Wednesday, July 28, 2010

A Tough Window to Look Through

Fri, July 23, 2010 11:3
 My brother, Rex, is an LDS (Mormon) Bishop.  He has been for about a year and his life has taken on a somberness and challenge that has been not only difficult for him, but hard for those of us who have watched him.  He can't tell us much about it because that's the "Bishop's way", but it shows in his face and on his calendar.  This is an email I received from him the other day.  It's about all the detail from his life we get anymore, but it shows an insight into his struggles. 

I wish he were not a bishop most days, selfishly for me and for his family, but I thank God for good men like him who do serve because of the huge need there is for them. 

"July 23, 2010


 "This morning at 6 AM I had to meet with a therapist at a drug rehab facility in the area.  No, not for me but for a couple members of our ward that are going through some treatment.  It was quite the experience for me.

"I arrived early and waited in the parking lot for a few minutes waiting until it opened.  I sat there in the truck but watched as people began to arrive several minutes before the doors opened.  Most were young, teenagers to young adults.  Several were driven there and dropped off by adults, parents probably. 

 "When the doors opened the small crowd quickly entered the building.  I left the truck and walked over and entered the building as well. Inside there were two lines that were formed.  One was to secure payment or check on payments for the services that this rehab center provides.  The teller or employee sat behind a secure wall and Plexiglas window, much like you see at late night convenience stores or toll booths.  A small opening in the glass was used to pass money, checks, or credit cards through.  It was all business and no one really talked as the room was quiet.

 "The other line formed on the other side of the room.  This line is where patients go to receive their treatments for their particular drug addiction.  These treatments are substitute chemicals that satisfy somewhat the desire for the drug but have no long lasting addictions.  Methadone is one particular treatment.  One by one the patients would enter a smaller room, receive their treatment and then quickly exit the building and be on their way.  Again, it was very serious and almost dead quiet.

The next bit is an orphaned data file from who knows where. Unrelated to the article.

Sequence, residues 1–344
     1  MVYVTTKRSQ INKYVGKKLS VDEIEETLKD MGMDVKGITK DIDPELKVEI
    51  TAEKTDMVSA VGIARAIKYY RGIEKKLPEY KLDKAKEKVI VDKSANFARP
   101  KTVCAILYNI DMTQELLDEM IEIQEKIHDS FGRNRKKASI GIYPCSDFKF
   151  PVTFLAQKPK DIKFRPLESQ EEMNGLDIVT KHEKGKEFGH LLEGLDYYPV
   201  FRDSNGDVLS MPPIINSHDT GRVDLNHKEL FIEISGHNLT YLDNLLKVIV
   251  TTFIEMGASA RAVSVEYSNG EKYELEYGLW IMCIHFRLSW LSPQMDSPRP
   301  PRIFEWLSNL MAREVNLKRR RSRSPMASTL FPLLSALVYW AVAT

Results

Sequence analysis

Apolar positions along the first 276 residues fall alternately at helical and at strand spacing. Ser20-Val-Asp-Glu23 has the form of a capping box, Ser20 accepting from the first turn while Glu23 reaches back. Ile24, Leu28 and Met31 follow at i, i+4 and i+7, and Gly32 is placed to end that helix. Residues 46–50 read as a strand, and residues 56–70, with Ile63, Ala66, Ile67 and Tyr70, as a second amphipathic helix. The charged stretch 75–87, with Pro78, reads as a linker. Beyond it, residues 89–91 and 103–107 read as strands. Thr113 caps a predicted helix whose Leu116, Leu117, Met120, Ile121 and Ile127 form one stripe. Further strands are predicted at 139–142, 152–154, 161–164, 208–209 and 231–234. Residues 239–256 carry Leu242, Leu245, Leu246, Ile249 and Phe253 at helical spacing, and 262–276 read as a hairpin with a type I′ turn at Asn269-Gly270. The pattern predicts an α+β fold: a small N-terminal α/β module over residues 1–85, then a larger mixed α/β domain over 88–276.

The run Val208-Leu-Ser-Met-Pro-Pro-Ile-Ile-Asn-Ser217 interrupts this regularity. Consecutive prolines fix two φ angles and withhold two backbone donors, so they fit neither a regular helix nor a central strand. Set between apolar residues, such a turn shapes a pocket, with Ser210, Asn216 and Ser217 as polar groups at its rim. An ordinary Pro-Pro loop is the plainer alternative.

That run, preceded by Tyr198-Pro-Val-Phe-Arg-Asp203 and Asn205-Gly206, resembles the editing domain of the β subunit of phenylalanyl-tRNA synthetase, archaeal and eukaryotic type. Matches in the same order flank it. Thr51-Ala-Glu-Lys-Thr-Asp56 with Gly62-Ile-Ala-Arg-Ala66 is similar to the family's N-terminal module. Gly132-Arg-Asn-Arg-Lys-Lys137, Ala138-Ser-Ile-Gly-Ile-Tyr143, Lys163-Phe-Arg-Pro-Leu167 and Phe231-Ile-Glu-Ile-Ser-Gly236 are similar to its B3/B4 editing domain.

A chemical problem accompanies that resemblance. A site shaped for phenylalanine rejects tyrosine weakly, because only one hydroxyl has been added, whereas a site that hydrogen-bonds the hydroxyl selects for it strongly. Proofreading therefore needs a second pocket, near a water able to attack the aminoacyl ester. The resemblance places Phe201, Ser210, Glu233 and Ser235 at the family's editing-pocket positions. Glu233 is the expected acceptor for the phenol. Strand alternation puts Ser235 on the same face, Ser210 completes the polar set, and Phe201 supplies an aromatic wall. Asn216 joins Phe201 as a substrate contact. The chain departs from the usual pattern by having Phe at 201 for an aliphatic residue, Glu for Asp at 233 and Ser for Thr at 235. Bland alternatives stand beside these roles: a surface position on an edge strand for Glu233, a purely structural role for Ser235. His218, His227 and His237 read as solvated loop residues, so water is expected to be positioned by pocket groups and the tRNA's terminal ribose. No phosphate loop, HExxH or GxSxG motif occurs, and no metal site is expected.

"The thing that so greatly affected me was the appearance, physical condition and deportment of the patients.  Many had open sores on their faces and arms.  Several had thinning hair, horrible teeth, no body tone.  All were very thin as if starved for nutrition.  One young woman, perhaps late teens, very beautiful at some point in her past, wore a hooded sweatshirt.  It became apparent that this sweatshirt was used to cover the many open and oozing sores that covered her face and hands.  I could only speculate that these sores covered most of her body.  Her hair was thin and unhealthy, her eyes dark and glazed over.  Many others were in the same condition.

 "Many as well had poor teeth that were missing, brown or black in appearance.  A dentist's nightmare.

 "The deportment was one of nervous anxiety exhibited by all.  Most hugged themselves as if cold.  Others would stand in line only an inch from the person in front of them, obviously anxious for their treatment.  None really cast their eyes around but would stare at nothing in particular on the floor ahead of them.  Again, as quiet as can be imagined.

 "When it was my turn at the window I began to explain my purpose,  paying for the treatments of a couple ward members.  As I began to talk the young man behind the glass looked up, almost surprised.  I'm sure that he had expected another patient whose language and deportment was the norm but I took him for a loop.  He was most cordial and friendly with me.  I made my payment, received the receipt and then as I turned to go several patients that were waiting in the lines thanked me for what I was doing; paying for treatments.  It was almost overwhelming. 

 "I've never been so close or exposed to how this life lives.  It gave me great fear and wonder at just how close this lifestyle and addiction is to us.  I have since wondered at just how destructive this addiction is to the lives of those that fall.  They can't hold jobs, their lives are centered around their next fix or treatment, their health is gone, their appearance horrible, their personalities gone, their spirit unknown.  Their family, spouses, children, parents, friends, all suffer in their relationship with these people. 

 "If you ever want to see just what the impact of drugs is on our society, sit in that room for just a few minutes. 


In the meanwhile, let's hold each other close, learn what we can to help, rely upon God and bishops and pray for the day when such hideousness can be subdued, managed, or even conquered. 


Bonnie said...

Oh Linda how sobering. This makes my little problems look pretty good! I wish the Lord would come soon!

Linda Aukschun said...

I know what you mean, Bonnie. It's really awful. Thanks for reading. It means a lot.